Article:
LGBTQI+ Youth Endure High Rates of IPV

A conversation that must be included as we address these topics is the IPV experienced by LGBTQI+ youth. As we have seen more attention grow in regards to LGBTQI+ youth homelessness, we must also call attention to the issues of violence facing these young people and have much more adequate research and information addressing the issue.

In 2016 Whitton et al published their findings in, "A Longitudinal Study of IPV Victimization Among Sexual Minority Youth." The study followed 248 LGBTQI+ youth between 16 and 20 years old. The study found that 45.2% were physically abused and 16.9% were sexually abused by an intimate partner. Experiences of physical violence was 2.46 times higher for transgender youth than cisgender youth and 2 to 4 times higher for racial and ethnic minorities. And, experiences of sexual violence was 3.42 higher for transgender youth and 75% higher for bisexual youth than gay or lesbian youth.

 

LGBTQI+ Communities of Color Face Even Greater  Barriers Accessing Support

Of the 2,166 participants in the NCAVP, 51% identified as People of Color: 49% Latinx, 28% African-American, 6% Asian Pacific Islander, 6% Multiracial, 55 Native American, 5% self-identified, and 1% Arab. The NCAVP study found that LGBTQI+ and HIV-affected people of color reported higher rates of physical violence and IPV in public.  The majority of this 51% confirmed having experiencing IPV.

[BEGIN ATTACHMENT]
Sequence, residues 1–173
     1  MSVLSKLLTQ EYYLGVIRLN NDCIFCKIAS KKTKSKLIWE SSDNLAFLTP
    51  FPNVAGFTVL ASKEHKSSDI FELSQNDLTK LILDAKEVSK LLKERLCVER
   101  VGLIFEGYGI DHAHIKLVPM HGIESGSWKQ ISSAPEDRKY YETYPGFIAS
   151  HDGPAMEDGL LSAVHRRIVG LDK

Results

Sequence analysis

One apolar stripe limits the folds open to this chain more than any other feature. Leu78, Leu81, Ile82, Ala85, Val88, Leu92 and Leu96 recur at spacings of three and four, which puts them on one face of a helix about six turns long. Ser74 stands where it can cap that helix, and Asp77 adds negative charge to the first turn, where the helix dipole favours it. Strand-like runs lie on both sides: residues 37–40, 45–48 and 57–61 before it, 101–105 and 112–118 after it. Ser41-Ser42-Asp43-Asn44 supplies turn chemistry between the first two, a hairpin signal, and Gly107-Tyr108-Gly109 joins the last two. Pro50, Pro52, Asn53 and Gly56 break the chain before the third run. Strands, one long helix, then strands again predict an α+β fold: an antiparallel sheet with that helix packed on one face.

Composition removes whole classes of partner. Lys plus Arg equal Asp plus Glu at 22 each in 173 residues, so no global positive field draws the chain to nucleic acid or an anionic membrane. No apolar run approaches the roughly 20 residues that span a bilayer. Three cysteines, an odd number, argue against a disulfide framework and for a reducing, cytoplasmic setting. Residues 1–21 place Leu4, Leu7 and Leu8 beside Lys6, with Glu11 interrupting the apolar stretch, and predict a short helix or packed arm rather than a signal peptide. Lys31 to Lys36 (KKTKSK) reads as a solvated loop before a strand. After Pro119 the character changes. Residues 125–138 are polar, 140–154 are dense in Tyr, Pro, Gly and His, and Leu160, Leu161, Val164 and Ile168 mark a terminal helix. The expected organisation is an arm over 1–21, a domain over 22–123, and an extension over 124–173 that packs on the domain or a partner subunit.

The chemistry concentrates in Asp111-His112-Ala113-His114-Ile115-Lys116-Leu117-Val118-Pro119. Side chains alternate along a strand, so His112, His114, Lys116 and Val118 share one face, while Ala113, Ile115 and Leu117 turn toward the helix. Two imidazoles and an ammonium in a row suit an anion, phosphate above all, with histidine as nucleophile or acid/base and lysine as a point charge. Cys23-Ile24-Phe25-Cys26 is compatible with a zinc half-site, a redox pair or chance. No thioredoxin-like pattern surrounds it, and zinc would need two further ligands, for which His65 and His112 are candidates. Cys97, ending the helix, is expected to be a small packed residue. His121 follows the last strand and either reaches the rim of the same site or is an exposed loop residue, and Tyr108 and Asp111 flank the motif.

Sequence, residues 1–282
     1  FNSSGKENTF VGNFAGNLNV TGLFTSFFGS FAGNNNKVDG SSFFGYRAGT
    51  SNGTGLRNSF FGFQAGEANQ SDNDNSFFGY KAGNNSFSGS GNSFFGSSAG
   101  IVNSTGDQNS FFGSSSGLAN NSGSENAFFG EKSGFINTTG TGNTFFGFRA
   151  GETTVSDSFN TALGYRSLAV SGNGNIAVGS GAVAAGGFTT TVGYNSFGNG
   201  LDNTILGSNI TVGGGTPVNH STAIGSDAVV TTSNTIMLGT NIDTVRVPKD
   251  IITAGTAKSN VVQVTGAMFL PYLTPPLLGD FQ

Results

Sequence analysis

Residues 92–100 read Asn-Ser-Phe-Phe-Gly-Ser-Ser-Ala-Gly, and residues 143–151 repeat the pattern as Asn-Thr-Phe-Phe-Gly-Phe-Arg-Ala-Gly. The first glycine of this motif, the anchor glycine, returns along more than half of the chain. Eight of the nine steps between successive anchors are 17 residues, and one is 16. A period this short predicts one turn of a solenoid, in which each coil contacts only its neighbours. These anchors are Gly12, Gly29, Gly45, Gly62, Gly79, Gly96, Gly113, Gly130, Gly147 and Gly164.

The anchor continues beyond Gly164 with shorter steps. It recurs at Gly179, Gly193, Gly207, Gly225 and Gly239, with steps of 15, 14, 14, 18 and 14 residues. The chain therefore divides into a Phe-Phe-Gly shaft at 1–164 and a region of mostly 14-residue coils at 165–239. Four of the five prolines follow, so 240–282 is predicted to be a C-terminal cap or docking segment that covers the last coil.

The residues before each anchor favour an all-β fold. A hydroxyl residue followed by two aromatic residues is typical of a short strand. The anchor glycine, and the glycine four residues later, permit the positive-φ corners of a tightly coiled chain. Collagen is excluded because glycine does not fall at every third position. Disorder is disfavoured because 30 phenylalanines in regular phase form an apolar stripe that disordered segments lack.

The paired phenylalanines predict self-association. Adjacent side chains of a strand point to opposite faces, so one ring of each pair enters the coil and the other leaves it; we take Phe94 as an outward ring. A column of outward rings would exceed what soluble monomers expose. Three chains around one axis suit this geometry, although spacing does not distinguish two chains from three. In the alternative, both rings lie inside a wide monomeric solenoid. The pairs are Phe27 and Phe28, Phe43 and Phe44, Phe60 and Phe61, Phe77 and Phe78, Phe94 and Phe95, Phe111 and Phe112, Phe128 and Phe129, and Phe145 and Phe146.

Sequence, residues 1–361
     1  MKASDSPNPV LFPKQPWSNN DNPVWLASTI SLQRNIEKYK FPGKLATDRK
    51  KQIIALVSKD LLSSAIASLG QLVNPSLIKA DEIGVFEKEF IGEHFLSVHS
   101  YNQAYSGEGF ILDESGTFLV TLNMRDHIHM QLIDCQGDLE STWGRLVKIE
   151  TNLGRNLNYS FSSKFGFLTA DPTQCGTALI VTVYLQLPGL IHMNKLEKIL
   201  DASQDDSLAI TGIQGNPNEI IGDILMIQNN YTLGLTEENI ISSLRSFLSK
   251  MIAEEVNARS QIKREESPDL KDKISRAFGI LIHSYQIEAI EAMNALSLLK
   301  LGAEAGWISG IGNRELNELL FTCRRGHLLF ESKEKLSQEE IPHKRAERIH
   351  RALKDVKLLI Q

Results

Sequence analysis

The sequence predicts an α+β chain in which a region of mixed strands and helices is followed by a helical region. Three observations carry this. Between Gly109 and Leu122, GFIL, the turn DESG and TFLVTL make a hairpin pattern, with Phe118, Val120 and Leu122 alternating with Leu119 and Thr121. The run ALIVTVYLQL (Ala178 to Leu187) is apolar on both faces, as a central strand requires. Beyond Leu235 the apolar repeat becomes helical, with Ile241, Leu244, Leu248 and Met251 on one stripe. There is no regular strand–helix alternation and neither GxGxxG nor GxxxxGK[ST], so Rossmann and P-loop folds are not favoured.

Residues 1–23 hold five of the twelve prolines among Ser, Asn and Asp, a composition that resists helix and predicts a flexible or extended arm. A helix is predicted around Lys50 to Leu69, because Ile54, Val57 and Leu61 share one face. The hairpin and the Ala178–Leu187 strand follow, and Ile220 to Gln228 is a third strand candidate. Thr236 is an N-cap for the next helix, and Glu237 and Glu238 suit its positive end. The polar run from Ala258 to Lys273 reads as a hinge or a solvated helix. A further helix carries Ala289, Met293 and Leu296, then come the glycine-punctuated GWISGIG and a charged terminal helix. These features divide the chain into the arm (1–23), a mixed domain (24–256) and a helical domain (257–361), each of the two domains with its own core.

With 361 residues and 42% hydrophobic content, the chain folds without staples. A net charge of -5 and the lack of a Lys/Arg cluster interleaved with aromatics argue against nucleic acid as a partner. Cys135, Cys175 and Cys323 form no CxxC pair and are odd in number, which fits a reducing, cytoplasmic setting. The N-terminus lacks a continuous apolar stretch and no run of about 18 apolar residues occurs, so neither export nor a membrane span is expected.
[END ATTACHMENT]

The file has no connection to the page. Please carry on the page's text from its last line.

IPV disproportionately affects LGBTQI+ people of color when we take into consideration the intersectional issues facing racial minorities: limited access to quality healthcare, racial bias from organizations and outreach programs, unfair targeting and violence by police and law enforcement, criminalization of black and brown people, and more barriers to accessing quality education, employment, and institutional services. All of these have the potential to act as barriers to support services and even to the actual reporting of IPV to law enforcement. These intersectional experiences create uniquily complicated barriers for LGBTQI+ People of Color experiencing and surviving intimate partner violence. 

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What Can You Do If You Or Someone You Know is Experiencing Domestic Violence

We've created a comprehensive resource guide that provides links to organizations and hotlines specializing in LGBTQI+ communities & violence. Click here to read. 

A quick summary of the resources listed in the blog referenced above: 

  • NYC LGBTQI+ Anti-Violence Project (AVP) 
    • 1.212.714.1141
    • 24/7 hotline - 7 days a week 
  • The Trevor Project: Youth Experiencing Violence 
    • 1.877.565.8860
    • 24/7 hotline - 7 days a week
  • National Domestic Violence Hotline 
    • 1.800.799.7233
    • 24/7 hotline - 7 days a week 

 

 

Apicha Community Health Center | LGBT Health Center in NYC